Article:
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Subject: Re: Couple of chess programming questions

Author: Robert Hyatt

Date: 10:44:16 09/10/02

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On September 10, 2002 at 13:11:02, Dann Corbit wrote:

>On September 10, 2002 at 12:07:37, Vincent Diepeveen wrote:
>[SNIP]
>>>(3) Reading Aske Plaat's search & re-search paper, it really seems like mtd(f)
>>>is something of a magic bullet.  But I note it seems that more programs don't
>>>use it than do (for example Crafty).  What is wrong with mtd(f) which Plaat
>>>doesn't say?
>>
>>There is nothing wrong with it. However a softwareprogram must have certain
>>conditions to let it work well (in hardware other issues play a role)
>>  a) it must be a static evaluation with a small granularity;
>>     if pawn=32 it will work great, if pawn=1000 like in DIEP it won't
>>     work at all, other things aren't interesting then.
>
>I have found this to be true also with experiments, and the reason is obvious.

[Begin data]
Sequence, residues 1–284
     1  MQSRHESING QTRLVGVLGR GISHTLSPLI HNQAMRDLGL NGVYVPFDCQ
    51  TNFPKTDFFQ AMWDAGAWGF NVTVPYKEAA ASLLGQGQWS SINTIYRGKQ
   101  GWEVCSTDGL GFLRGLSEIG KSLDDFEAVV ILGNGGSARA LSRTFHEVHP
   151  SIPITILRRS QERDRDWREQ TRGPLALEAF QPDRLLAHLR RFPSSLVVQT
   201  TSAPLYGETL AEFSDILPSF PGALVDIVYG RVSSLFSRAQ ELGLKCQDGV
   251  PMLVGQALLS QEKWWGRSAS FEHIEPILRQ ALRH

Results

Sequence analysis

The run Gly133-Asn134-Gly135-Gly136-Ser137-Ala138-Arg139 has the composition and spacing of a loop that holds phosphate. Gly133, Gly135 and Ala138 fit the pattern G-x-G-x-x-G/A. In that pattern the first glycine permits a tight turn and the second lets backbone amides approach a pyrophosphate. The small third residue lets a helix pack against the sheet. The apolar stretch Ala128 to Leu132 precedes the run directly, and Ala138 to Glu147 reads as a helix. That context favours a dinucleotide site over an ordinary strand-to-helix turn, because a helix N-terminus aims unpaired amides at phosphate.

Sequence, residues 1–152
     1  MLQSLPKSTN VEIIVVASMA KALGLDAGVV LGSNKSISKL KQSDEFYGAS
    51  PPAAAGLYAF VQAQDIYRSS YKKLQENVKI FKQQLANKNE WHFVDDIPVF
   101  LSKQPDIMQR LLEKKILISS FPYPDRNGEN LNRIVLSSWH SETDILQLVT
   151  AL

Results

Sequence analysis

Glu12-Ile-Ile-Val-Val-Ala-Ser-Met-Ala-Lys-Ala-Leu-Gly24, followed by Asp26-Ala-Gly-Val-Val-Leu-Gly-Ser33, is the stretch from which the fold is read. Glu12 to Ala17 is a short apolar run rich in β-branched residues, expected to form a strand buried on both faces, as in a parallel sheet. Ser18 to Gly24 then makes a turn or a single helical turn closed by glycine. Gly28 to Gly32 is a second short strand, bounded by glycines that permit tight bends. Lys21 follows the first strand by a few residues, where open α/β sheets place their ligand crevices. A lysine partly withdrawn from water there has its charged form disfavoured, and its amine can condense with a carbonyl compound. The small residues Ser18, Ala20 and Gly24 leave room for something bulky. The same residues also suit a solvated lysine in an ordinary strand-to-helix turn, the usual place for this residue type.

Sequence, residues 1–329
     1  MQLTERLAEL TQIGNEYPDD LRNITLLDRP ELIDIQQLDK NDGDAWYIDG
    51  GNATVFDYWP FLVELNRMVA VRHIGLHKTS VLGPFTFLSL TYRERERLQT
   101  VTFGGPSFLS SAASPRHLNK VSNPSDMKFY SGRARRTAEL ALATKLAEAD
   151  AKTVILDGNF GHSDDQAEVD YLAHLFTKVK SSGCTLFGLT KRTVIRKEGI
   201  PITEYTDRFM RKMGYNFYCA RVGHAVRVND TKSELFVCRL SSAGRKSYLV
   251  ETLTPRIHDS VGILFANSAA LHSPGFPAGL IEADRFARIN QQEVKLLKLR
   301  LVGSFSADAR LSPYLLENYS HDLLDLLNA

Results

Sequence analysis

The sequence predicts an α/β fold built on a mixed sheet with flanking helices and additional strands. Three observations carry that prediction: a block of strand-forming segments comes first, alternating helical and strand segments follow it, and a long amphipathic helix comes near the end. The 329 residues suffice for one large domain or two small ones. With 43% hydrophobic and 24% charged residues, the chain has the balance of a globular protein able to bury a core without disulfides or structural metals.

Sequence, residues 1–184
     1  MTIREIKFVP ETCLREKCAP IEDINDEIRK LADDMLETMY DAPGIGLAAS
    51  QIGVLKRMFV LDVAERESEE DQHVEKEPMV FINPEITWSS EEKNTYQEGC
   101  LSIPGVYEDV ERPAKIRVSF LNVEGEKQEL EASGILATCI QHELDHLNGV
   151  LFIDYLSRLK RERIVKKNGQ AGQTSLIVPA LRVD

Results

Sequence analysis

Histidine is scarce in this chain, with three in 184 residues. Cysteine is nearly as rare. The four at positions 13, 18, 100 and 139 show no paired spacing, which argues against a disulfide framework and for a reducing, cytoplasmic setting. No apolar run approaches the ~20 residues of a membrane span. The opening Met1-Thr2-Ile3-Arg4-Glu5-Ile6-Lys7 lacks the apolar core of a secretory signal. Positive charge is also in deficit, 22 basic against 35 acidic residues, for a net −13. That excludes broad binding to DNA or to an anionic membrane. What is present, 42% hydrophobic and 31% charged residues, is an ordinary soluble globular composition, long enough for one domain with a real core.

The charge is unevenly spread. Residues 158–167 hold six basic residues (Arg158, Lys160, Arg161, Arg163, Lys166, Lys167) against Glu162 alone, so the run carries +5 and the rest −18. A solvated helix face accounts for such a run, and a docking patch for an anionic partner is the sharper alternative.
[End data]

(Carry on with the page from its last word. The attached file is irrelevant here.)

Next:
>
>The MTD(f) algorithm basically does a binary search between two bounds (on
>average -- it might be faster or slower in individual cases).  If the interval
>varies from 3276700 to -327600 you have between 22 and 23 searches to resolve
>it.  If the interval varies from  3276 to -3276 you have between 12 and 13
>searches to resolve it.
>
>Therefore, you have a paradox.  The more accurately you search, the slower
>MTD(f) will become.  I can't see any solution to it, unless you use progressive
>accuracy to quickly narrow the search.  If you went to long double accuracy in
>your evaluation function, it will take a very long time to resolve the search
>with MTD(f), unless you double the accuracy with each iteration.  So for the
>first search, only (ugh) one significant digit is used.  Then two digits of
>accuracy, then 4, etc.


One issue with progressive bounds is to "bounce" _over_ the true value.
Searching from one side is faster than searching from the other, due to simple
math.  IE I tried several approaches that "died" until I started thinking about
what bouncing over the true score multiple times was doing to the shape of the
tree...



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